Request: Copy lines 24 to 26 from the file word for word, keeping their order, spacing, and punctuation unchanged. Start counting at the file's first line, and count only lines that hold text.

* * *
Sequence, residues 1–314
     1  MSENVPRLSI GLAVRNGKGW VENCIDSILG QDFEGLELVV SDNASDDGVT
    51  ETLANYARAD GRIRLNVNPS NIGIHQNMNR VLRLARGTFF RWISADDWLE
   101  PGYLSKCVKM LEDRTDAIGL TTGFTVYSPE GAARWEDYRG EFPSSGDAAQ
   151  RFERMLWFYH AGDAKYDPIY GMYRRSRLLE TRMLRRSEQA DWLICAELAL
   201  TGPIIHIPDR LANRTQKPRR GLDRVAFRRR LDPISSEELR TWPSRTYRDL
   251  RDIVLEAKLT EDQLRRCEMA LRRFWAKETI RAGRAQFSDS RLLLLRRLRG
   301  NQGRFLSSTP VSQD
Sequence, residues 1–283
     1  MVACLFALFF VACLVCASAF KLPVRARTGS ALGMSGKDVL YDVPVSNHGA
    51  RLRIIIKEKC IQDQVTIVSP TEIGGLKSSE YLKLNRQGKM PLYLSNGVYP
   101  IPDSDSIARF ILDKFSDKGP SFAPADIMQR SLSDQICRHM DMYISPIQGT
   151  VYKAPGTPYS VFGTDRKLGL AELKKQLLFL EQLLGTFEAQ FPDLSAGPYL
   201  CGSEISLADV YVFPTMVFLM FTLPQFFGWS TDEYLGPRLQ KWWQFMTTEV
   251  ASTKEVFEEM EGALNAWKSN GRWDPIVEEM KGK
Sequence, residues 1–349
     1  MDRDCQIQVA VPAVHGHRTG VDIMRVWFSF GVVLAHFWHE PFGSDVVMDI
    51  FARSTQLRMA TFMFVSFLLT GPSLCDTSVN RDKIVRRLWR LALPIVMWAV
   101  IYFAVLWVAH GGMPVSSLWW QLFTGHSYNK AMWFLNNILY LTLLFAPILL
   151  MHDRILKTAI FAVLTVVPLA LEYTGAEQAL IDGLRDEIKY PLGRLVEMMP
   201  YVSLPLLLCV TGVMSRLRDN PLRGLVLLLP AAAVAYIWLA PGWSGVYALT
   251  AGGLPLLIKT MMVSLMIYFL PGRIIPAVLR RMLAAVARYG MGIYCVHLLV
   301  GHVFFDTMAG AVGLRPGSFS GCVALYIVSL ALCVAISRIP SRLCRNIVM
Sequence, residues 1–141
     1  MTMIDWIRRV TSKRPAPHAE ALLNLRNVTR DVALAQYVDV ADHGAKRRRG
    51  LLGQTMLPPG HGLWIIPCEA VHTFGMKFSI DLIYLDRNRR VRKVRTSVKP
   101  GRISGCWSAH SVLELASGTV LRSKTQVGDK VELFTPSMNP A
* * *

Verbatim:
Sequence, residues 1–141
     1  MTMIDWIRRV TSKRPAPHAE ALLNLRNVTR DVALAQYVDV ADHGAKRRRG
    51  LLGQTMLPPG HGLWIIPCEA VHTFGMKFSI DLIYLDRNRR VRKVRTSVKP